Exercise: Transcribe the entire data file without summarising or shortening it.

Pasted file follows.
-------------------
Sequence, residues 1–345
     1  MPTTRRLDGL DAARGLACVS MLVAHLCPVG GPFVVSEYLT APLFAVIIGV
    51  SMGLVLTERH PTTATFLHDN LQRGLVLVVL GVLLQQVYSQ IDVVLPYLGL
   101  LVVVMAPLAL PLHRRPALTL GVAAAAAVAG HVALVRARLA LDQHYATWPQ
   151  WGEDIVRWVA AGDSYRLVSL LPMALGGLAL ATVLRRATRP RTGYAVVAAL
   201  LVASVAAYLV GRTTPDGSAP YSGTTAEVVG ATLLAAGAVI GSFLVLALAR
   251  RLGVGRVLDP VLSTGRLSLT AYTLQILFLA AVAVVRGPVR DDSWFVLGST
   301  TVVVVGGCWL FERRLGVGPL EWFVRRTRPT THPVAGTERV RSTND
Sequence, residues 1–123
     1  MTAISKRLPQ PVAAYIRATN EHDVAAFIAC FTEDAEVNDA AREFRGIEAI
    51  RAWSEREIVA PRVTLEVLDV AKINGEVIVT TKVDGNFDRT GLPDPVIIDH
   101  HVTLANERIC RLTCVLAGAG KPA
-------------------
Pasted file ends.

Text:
Sequence, residues 1–345
     1  MPTTRRLDGL DAARGLACVS MLVAHLCPVG GPFVVSEYLT APLFAVIIGV
    51  SMGLVLTERH PTTATFLHDN LQRGLVLVVL GVLLQQVYSQ IDVVLPYLGL
   101  LVVVMAPLAL PLHRRPALTL GVAAAAAVAG HVALVRARLA LDQHYATWPQ
   151  WGEDIVRWVA AGDSYRLVSL LPMALGGLAL ATVLRRATRP RTGYAVVAAL
   201  LVASVAAYLV GRTTPDGSAP YSGTTAEVVG ATLLAAGAVI GSFLVLALAR
   251  RLGVGRVLDP VLSTGRLSLT AYTLQILFLA AVAVVRGPVR DDSWFVLGST
   301  TVVVVGGCWL FERRLGVGPL EWFVRRTRPT THPVAGTERV RSTND
Sequence, residues 1–123
     1  MTAISKRLPQ PVAAYIRATN EHDVAAFIAC FTEDAEVNDA AREFRGIEAI
    51  RAWSEREIVA PRVTLEVLDV AKINGEVIVT TKVDGNFDRT GLPDPVIIDH
   101  HVTLANERIC RLTCVLAGAG KPA